148

When I launch a new Terminal window, it starts me in 'Macintosh HD/Users/MyName'. How can I back out of my user directory, back up to the top level?

3
  • 18
    Use "cd /" to get to the root directory.
    – TMN
    Jul 16 '10 at 17:48
  • 1
    or just cd to get to the root directory Aug 9 '13 at 22:23
  • @coolcool1994 — That goes to the user's home directory, not the root directory.
    – Quentin
    May 8 '18 at 12:39
243

cd .. will back the directory up by one. If you want to reach a folder in the parent directory, you can do something like cd ../foldername. You can use the ".." trick as many times as you want to back up through multiple parent directories. For example, cd ../../Applications would take you to Macintosh HD/Applications

4
  • Big thanks! Macintosh HD/Applications is exactly where I was going.
    – JLeonard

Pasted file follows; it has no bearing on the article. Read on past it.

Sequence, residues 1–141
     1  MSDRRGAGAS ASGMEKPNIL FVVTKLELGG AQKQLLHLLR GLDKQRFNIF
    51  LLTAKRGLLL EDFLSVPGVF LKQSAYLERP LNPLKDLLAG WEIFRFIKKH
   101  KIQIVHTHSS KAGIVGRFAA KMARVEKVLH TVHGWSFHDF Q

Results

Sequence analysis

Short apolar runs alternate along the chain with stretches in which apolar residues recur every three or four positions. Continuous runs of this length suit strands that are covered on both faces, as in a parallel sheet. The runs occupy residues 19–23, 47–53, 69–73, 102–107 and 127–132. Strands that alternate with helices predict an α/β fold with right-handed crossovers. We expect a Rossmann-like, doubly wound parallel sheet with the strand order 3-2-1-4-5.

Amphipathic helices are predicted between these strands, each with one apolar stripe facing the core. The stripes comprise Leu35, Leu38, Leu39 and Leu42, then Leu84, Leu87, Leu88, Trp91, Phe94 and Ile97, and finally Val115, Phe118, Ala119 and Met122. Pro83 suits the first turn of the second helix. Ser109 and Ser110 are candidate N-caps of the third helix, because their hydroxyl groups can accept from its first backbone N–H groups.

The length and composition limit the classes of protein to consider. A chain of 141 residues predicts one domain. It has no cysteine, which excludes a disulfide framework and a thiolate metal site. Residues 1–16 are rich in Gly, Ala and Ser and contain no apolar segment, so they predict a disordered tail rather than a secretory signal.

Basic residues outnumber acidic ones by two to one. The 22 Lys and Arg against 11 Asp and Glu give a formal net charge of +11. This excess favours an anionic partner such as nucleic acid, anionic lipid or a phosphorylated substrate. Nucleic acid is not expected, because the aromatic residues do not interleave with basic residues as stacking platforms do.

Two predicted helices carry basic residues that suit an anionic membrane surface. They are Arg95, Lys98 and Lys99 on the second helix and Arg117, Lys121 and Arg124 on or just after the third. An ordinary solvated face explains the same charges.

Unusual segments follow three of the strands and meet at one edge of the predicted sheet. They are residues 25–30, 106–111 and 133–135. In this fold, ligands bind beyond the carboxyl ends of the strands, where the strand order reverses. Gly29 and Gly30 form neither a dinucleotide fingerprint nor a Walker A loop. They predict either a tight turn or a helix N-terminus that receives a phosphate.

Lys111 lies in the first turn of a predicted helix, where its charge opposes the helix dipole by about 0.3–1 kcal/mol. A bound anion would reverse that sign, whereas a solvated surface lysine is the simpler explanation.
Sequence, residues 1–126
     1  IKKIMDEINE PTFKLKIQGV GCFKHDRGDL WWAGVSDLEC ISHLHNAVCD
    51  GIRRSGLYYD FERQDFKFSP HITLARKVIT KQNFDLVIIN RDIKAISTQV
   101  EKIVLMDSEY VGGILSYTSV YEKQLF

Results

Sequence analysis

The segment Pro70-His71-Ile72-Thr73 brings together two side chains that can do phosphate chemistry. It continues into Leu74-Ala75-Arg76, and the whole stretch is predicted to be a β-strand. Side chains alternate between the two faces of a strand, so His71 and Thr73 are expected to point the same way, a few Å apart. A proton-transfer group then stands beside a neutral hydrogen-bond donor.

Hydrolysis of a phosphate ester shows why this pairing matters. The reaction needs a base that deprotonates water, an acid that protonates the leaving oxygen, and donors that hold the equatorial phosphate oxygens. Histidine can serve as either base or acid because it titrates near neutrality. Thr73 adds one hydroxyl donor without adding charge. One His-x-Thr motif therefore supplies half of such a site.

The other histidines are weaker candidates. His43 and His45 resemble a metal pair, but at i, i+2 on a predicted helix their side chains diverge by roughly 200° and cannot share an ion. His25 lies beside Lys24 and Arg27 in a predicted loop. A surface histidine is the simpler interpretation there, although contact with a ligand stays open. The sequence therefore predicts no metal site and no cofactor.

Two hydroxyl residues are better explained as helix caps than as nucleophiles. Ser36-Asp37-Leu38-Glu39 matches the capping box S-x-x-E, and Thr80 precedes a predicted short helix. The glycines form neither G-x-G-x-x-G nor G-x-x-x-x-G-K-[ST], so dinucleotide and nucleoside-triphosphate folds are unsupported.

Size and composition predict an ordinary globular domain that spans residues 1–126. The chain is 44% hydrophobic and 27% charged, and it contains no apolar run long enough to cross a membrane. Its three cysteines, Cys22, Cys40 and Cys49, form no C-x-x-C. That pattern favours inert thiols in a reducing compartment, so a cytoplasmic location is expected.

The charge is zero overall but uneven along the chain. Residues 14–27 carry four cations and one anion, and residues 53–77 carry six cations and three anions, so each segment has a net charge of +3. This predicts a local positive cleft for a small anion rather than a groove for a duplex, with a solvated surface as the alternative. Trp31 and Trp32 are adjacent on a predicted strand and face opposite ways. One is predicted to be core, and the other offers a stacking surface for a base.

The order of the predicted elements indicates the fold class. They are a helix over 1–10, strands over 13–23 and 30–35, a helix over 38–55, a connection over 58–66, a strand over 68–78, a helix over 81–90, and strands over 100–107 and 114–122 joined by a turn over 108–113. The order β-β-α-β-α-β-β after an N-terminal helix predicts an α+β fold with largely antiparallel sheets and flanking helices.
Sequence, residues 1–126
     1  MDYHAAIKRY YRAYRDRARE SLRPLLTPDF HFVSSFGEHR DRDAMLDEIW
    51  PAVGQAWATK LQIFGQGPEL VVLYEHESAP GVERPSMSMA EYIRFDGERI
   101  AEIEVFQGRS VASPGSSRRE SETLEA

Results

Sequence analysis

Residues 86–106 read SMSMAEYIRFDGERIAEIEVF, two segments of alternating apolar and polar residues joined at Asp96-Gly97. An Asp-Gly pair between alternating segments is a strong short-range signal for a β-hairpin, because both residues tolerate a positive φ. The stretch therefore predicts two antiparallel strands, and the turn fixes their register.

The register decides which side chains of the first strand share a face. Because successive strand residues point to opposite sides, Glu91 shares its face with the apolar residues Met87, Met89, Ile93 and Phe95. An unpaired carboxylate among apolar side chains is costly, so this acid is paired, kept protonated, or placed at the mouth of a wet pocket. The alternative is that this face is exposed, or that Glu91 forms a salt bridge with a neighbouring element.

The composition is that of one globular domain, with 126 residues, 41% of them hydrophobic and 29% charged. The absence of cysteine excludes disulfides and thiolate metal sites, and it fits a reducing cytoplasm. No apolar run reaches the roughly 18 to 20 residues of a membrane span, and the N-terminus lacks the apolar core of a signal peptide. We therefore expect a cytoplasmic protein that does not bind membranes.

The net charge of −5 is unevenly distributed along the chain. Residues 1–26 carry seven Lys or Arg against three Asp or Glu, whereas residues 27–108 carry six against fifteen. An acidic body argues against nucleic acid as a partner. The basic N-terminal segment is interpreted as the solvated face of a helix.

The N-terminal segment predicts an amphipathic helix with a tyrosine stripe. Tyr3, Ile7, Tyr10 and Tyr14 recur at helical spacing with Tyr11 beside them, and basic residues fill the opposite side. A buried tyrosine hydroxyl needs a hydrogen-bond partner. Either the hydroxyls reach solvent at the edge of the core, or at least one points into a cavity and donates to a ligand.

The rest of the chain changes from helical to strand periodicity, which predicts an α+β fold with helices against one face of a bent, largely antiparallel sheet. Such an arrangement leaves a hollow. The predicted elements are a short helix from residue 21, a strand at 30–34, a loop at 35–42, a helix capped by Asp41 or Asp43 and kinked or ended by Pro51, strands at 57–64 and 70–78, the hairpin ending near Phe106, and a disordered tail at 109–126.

Jul 16 '10 at 18:30
  • cd / will get you to the root directory back
    – Zip
    Oct 26 '14 at 23:21
  • 5
    Make sure to put the space between "cd" and "..", small but may cause a pain if not paying attention. Aug 26 '15 at 10:53
  • @Nofel Make sure you put a space between cd and ..
    – davidcelis
    Feb 1 '16 at 1:25
23

For Mac Terminal

cd ..   # one up
cd ../  # two up
cd      # home directory 
cd /    # root directory
cd "yaya-13" # use quotes if the file name contains punctuation or spaces
2
  • cd goes to the user's home directory, not the root directory.
    – Quentin
    May 8 '18 at 12:39
  • 3
    Also cd ../ is not two up... The command is the same as cd ..
    – wkunker
    Dec 6 '18 at 21:04
16

Typing cd will take you back to your home directory. Whereas typing cd .. will move you up only one directory (the direct parent of the current directory).

5

To move up a directory, the quickest way would be to add an alias to ~/.bash_profile

alias ..='cd ..'

and then one would need only to type '..[return]'.

4

Let's make it even more simple. Type the below after the $ sign to go up one directory:

../
1
  • Doesn't work for me - I get the error -bash: ../: is a directory. I find it works with cd ../ though. Apr 16 '18 at 10:24

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